As you may know, modern day unclaimed property laws are a descendant of an ancient common law legal doctrine known as bona vacantia ("vacant goods," in latin). Under this doctrine, items of personal property with no known owner were deemed to be the property of the sovereign. (The term escheat, though often used in the context of unclaimed personal property, is actually a misnomer; the common law doctrine of escheat actually referred to ownerless "real" property (i.e., land) not personal property). While today's unclaimed property (US) and bona vacantia (UK) laws are primarily addressed towards unclaimed intangible property (e.g., money, deposits, checks, wills, etc.) it is worth noting that the original concepts of bona vacantia and treasure trove are alive and well in the UK.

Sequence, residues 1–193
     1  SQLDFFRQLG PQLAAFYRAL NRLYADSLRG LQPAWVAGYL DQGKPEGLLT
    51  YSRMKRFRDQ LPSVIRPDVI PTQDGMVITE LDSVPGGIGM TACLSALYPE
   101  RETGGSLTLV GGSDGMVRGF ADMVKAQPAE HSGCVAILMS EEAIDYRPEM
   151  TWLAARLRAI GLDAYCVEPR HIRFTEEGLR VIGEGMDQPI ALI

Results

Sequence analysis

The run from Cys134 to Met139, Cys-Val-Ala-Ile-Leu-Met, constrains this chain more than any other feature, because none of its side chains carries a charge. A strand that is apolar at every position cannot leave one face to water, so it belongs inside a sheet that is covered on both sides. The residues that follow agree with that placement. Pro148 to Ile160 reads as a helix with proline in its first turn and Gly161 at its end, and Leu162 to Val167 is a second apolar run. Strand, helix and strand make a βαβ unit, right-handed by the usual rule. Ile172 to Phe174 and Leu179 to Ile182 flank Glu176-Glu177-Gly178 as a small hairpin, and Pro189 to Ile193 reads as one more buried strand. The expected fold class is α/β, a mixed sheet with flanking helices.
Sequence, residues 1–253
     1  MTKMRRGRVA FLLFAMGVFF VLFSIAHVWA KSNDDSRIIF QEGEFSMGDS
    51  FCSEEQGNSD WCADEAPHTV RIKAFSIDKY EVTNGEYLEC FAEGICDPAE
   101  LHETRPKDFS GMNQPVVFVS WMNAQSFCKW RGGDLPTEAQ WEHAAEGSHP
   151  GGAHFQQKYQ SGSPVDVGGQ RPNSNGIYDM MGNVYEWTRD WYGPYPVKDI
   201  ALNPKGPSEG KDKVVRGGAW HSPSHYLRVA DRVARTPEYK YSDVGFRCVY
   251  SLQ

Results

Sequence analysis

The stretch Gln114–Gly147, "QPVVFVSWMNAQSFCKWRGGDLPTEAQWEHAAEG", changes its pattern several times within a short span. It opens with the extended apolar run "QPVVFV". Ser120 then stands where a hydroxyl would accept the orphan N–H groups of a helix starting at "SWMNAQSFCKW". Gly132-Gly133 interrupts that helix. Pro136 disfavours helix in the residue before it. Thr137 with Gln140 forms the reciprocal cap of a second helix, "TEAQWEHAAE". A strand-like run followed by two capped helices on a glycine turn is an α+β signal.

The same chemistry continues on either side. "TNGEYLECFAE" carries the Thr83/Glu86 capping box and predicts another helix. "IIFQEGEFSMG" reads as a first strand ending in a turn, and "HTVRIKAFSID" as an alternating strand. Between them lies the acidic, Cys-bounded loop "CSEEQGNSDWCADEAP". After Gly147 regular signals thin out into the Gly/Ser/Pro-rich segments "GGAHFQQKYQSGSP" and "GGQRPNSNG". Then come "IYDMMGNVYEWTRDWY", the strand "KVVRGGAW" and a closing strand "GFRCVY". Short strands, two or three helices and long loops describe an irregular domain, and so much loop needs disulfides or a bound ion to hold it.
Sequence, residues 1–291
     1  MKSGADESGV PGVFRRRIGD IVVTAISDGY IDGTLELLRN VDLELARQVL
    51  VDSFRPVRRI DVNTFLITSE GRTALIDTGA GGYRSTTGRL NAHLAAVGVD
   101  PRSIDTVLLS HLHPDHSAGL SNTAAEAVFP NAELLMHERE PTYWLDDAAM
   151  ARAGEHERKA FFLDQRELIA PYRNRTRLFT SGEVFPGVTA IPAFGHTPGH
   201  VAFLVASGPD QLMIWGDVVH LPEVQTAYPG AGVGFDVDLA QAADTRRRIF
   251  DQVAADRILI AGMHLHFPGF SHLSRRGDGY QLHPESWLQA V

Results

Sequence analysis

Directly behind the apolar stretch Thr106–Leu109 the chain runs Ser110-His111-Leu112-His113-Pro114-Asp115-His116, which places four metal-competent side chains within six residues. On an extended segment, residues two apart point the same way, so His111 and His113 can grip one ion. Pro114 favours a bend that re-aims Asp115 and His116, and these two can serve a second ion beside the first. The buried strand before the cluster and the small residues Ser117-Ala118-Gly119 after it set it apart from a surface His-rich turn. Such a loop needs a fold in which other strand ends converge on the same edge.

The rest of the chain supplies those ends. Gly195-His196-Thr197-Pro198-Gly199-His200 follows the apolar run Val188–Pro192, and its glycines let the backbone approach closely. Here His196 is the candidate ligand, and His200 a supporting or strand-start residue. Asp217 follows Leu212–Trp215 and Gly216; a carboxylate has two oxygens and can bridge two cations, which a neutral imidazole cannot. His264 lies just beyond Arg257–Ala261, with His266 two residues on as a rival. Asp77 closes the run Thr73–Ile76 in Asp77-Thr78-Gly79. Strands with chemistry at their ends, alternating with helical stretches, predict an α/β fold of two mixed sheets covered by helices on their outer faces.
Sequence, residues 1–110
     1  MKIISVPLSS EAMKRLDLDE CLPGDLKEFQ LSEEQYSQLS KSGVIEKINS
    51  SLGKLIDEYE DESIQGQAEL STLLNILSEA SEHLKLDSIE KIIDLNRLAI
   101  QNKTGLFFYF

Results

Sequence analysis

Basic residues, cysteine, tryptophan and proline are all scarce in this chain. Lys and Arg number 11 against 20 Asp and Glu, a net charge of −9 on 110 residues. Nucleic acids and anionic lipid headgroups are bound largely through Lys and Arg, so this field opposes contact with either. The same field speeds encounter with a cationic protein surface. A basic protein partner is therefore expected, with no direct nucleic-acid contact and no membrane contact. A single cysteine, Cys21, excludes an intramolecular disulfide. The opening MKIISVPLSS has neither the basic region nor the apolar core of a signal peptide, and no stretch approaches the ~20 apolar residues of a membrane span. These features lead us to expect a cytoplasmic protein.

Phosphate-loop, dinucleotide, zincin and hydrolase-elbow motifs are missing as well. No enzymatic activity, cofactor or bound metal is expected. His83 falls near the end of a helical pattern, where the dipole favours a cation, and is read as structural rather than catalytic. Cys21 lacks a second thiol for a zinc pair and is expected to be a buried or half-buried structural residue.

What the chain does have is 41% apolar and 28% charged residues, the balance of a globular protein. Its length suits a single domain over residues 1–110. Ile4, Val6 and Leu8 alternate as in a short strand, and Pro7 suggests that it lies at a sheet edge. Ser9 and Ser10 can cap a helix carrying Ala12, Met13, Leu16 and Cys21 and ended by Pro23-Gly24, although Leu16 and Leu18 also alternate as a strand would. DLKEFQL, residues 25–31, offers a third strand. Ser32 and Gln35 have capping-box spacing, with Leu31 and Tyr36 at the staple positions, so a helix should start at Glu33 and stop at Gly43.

For example, the BBC News reported yesterday on Scotland's 330 "treasure trove" cases over the past year - situations where archaeologists and/or ordinary citizens found medieval rings, ancient weapons, and other artifacts. As the article explains, "[u]nder Scottish law, the Crown has the right to all lost and abandoned property which is not otherwise owned. Finders have no ownership rights and must report any objects to the treasure trove unit." Such items are reported and turned over to the Queen and Lord Treasurer's Remembrancer.
Included in last year's findings was an axe head believed to be between 4 and 6 thousand years old. There was no word on whether 4,000 years of penalties and interest would be assessed for late reporting.